Reviews Heaven Shall Burn Deaf to Our Prayers

Heaven Shall Burn

Deaf to Our Prayers

Apart from one of the best names a metal band can have, Heaven Shall Burn is one of the most consistently awesome and bulletproof metal acts around today. In a time where metal has slipped into trendiness and self parody thanks to bands like Dragonforce and The Sword, Heaven Shall Burn crush the poseurs and those of weak fortitude with their latest offering Deaf to Our Prayers.

Always intensely political and socially conscious, Heaven Shall Burn begins their secular march with "Counterweight." This song is more of a throwback to the older Heaven Shall Burn days when the Bolt Thrower influence was almost overbearing. This song, however, is executed well and keeps their own sound intact. The rest of the album takes more of a melodic death metal tone; something that they've been doing since Whatever it May Take. If you're shaking your head and thinking of passing this record over because melodic metalcore has practically killed this sound- don't. If anything, this record convinces me that melodic death metal is still alive and kicking.

The guitar riffs aren't aimless, and there's thankfully a lack of the palm-tremolo picking patterns from their last album. I guess the claim may exist that this album is mosh heavy, but this style of metal always has been. I'm kind of disappointed in the fact that this album really never goes to a really fast tempo, but then again poorly played blast-beats are the new breakdown. The lyrics, my favorite part about this band, take more of an anti-religion stance than anything else, are a bit stupid on this album at times. "Defending the Throne of Darwin" just had me shaking my head and wishing they wrote a song about veganism instead of Myspace. Yes, there is a song about Myspace on this record.

The biggest gripe of all, however, is the running time for this sucker. With a running time of 47:47 this album really drags on. If they had cut off all the songs after "Armia" and ended the album with "The Greatest Gift of God" I wouldn't have a complaint about this album. I understand metal bands like to drag it out, but at least try to make the last few songs so crazy and heavy that my boredom goes away. While not better than Whatever it May Take, Deaf to Our Prayers is definitely an improvement over Asunder, and hopefully Heaven Shall Burn tours the US with Maroon. xVx!

7.3 / 10 — Evan B.

For the uninitiated, Heaven Shall Burn is a German metal band that is heavily influenced by Bolt Thrower. Deaf to Our Prayers is their fourth proper full-length, along with splits with Caliban and Fall of Serenity, as well as a rarities collection. This new album continues their hyper politicized message in their lyrical content that is informed by the vegan straightedge stance that its members take. That is not to say that they are focused on these labels or lifestyle choices. The politics is the message stressed which is a refreshing motif.

As for the music itself, Deaf to Our Prayers contains a non-stop bludgeoning. Heaven Shall Burn deftly moves from song to song while placing the maximum amount of crushing volume and bottom necessary to give the melodic guitars a full, robust backdrop. The major complaint that I have with the production is the intermittent mechanical sound of the drums.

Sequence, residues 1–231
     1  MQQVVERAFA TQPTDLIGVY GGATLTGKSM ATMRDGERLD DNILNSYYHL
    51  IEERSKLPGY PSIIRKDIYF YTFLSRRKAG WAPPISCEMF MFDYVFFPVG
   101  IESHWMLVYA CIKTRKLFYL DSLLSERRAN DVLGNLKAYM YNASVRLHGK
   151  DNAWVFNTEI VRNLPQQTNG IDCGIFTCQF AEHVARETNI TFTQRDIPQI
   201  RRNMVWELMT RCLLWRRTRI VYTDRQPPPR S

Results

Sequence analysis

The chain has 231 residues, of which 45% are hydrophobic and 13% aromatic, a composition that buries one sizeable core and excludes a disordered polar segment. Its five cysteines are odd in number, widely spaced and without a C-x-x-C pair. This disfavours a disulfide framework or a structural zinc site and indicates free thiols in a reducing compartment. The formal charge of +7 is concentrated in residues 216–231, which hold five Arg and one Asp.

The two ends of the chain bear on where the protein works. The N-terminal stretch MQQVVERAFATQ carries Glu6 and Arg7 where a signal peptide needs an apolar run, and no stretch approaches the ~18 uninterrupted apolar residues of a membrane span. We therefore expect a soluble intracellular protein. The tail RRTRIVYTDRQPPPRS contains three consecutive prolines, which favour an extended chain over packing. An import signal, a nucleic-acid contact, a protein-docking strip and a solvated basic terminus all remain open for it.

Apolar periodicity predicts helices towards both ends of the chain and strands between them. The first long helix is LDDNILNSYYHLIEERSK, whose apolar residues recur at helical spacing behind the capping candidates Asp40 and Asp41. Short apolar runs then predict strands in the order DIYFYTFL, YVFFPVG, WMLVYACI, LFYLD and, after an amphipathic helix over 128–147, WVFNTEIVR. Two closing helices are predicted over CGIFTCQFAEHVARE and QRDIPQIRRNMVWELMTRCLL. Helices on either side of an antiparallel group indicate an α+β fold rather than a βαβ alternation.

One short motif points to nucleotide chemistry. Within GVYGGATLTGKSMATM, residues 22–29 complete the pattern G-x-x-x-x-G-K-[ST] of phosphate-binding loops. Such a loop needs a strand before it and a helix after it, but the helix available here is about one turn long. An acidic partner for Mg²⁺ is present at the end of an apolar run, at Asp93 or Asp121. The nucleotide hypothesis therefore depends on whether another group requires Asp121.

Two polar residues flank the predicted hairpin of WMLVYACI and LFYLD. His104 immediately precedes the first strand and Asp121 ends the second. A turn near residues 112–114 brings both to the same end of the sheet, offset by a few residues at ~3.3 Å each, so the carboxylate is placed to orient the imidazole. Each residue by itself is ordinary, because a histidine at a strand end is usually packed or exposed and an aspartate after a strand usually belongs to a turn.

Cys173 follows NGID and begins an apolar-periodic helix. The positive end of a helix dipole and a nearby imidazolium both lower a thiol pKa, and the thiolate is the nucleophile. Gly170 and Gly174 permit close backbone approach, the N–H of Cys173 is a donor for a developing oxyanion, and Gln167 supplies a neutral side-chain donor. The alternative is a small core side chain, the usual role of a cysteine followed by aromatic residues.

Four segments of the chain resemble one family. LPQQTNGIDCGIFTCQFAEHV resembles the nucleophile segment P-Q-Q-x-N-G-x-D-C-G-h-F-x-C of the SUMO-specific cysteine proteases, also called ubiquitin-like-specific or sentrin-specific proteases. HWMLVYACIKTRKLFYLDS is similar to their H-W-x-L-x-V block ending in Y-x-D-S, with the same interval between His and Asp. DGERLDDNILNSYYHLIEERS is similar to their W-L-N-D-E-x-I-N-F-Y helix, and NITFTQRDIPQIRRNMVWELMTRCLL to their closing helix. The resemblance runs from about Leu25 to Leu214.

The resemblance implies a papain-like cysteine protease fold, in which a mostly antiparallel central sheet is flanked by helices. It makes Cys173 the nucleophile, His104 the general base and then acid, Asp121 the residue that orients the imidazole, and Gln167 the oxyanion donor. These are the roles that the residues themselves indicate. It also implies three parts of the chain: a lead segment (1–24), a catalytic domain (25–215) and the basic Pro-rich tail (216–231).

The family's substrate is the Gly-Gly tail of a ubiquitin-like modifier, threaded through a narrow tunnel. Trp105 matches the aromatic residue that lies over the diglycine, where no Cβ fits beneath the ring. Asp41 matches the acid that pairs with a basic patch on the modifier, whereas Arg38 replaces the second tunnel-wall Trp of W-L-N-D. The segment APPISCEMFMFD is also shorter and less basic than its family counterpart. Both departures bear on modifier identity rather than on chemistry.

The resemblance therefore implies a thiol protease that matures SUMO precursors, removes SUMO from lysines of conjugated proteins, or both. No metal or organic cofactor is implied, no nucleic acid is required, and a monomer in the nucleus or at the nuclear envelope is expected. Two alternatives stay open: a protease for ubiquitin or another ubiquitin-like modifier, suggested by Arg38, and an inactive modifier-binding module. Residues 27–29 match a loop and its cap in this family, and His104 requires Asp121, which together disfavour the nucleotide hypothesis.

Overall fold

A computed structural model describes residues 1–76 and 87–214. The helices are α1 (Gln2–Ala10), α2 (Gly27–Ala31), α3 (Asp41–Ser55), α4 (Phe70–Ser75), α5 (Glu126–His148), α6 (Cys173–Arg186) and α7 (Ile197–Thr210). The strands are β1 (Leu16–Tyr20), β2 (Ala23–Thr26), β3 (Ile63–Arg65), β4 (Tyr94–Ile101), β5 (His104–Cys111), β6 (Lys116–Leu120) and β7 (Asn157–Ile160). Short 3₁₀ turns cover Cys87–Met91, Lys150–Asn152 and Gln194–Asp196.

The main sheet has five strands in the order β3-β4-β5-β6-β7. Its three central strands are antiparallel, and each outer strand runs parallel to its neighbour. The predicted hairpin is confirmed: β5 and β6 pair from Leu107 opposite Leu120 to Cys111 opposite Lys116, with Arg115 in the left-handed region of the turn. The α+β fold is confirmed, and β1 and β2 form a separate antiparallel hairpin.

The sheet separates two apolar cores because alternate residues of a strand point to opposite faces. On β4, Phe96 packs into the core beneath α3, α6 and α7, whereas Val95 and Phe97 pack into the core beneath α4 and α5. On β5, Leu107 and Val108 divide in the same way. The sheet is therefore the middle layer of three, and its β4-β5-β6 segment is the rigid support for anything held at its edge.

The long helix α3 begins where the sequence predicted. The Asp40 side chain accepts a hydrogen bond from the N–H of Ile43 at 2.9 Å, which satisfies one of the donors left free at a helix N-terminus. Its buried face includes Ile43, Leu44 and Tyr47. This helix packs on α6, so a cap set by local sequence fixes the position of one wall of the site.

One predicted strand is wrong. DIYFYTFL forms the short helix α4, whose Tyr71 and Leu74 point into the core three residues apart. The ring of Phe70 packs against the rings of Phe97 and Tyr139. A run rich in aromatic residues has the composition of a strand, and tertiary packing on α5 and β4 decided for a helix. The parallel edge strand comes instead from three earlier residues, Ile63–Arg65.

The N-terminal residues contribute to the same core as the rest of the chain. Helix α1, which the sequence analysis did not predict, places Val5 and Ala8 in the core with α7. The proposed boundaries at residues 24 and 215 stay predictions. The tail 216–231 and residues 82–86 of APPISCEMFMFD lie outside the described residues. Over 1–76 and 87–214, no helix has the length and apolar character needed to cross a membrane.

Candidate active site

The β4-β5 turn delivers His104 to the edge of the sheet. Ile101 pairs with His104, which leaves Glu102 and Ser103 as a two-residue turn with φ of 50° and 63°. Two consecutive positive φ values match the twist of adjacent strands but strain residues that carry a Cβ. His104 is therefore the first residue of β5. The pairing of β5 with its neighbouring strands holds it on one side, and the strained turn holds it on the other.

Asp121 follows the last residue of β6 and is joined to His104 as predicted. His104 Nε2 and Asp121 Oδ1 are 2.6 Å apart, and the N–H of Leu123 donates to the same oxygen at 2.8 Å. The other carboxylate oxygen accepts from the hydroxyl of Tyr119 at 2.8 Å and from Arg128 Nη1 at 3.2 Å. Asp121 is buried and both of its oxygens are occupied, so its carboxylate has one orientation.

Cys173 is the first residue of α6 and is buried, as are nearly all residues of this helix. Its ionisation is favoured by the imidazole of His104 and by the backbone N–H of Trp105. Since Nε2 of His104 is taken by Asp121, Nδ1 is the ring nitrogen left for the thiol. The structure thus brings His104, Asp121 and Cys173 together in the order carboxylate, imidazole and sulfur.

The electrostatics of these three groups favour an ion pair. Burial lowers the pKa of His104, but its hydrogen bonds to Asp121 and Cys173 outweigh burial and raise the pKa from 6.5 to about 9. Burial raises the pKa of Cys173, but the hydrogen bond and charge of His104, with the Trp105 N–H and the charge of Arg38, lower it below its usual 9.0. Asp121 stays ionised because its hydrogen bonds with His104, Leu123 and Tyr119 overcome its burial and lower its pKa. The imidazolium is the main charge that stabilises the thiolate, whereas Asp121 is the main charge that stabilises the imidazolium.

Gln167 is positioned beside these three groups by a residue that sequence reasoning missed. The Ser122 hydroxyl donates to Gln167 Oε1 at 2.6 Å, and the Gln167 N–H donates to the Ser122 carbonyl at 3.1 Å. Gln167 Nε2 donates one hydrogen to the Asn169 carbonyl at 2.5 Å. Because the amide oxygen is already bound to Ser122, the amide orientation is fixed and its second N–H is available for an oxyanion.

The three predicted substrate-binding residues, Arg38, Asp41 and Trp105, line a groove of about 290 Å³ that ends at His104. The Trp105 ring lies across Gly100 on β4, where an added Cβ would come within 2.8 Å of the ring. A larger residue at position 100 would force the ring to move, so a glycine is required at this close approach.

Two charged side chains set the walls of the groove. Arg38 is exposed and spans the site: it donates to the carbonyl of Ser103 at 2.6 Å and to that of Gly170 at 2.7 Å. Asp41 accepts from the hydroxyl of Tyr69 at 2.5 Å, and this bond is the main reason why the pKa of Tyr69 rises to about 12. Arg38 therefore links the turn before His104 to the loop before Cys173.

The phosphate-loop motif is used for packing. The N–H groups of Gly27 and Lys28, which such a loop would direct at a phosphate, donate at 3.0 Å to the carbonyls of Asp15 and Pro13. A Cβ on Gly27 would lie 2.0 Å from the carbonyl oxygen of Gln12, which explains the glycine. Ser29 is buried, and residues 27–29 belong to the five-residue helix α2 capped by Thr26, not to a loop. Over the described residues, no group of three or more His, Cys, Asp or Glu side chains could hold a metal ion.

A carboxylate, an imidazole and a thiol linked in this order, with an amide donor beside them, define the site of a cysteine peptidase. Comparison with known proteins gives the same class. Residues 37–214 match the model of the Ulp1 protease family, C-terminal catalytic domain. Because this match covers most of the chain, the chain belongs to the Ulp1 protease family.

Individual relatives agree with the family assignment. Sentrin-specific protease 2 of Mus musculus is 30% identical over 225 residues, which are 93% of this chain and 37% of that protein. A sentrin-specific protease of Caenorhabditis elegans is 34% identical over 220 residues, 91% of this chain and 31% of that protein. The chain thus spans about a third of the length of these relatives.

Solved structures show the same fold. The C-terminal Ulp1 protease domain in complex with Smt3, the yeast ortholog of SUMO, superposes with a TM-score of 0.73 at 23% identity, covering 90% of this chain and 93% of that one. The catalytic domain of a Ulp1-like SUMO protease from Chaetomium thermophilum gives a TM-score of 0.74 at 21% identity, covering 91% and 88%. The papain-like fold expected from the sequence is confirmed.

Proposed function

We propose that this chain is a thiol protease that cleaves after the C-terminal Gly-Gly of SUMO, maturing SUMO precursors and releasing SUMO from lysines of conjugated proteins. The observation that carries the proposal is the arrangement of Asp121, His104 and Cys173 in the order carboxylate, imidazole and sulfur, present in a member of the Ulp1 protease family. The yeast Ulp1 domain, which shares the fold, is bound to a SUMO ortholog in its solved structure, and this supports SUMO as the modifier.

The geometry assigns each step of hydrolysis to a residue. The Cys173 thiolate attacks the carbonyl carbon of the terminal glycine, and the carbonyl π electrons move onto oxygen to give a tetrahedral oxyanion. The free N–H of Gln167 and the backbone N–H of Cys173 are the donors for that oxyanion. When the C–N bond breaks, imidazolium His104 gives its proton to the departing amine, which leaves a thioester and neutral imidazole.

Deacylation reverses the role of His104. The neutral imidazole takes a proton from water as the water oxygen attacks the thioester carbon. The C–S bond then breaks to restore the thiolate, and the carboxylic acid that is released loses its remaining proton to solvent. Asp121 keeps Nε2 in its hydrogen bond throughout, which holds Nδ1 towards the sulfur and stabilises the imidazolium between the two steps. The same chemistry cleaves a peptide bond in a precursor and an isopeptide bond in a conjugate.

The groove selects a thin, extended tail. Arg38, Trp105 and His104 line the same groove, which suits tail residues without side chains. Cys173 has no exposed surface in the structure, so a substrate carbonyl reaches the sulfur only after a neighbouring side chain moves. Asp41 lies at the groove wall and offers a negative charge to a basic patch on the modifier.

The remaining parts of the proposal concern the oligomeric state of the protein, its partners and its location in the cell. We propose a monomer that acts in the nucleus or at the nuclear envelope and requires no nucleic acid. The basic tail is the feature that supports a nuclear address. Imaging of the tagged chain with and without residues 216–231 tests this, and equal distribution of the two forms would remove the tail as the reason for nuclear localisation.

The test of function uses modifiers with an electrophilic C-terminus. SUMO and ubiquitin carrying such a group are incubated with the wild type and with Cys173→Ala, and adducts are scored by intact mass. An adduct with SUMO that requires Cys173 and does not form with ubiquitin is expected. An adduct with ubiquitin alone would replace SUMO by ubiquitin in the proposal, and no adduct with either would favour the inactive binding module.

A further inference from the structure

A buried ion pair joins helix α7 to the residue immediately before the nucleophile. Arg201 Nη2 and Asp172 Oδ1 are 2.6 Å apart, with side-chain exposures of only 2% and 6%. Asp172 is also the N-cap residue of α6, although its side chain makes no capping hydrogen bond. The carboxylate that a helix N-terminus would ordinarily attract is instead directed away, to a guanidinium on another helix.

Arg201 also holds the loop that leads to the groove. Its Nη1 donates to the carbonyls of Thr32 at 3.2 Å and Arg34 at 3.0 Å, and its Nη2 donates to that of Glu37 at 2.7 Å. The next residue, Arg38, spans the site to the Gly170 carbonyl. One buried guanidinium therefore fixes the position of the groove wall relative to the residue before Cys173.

"Counterweight" is a pummeling way to kick of the album, but the most impressive part of the song is the dueling guitars that play at heavy riffs and mix in very melodic runs that keep the track interesting. The vocals fit the music very well, and there is thankfully no clean singing found, just the vicious death growl that persists throughout. "Trespassing the Shores of Your World" has an awesome sounding muted guitar riff that lays the blistering rhythm while a subtle melodic lead actually sits in the background. I like the way that Heaven Shall Burn changes things up by focusing on that rhythmic section rather than the lead. The keyboard section near the end of the song is well done and not cheesy (thankfully). There is a good set of lyrics in "The Final March" with an excellent reference to the English Luddite movement of the early 1800's. "For generations we slaved away in the shadows of their towers / the world we know, a torture chamber / born as servants, exploited till death / To their machines we're marching with Captain Ludd in mind."

Even though the beginning to "Of No Avail" is signaled by a keyboard interlude, the song is not soft (well by Heaven Shall Burn's standards I guess it is). There is more excellent lyrical content to be had in this song. "Our weakened legs and tattered shoes will cause no sound on icy streets... Cursed be the God who is deaf to our prayers / As we died in freedom their machines broke down for a day." The music is rather somber with an almost morose mood to it. "The Greatest Gift of God" is the closing track to the album. It starts with a lonely drumbeat until a choir of screaming individuals proclaims "False prophets rule your life." I like the effect that the song creates. The guitars sound big with soaring melodies that sound like the band has not lost all hope for human kind (that may be a bit melodramatic but I felt like sounding pretentious).

Deaf to Our Prayers is further proof that Heaven Shall Burn produces consistent, crushing records with an intelligent political bent to the lyrical message. I admire that the band expands on their beliefs rather than falling into the trap of self-parody that so many other vegan straightedge bands (not that many continue to exist) fell into over time. Deaf to Our Prayers serves as an excellent starting point for listeners, and I would recommend it to any metal fan.

7.5 / 10 — Bob
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7.4 / 10

7.4 / 10

Reviewed by 2 writers.

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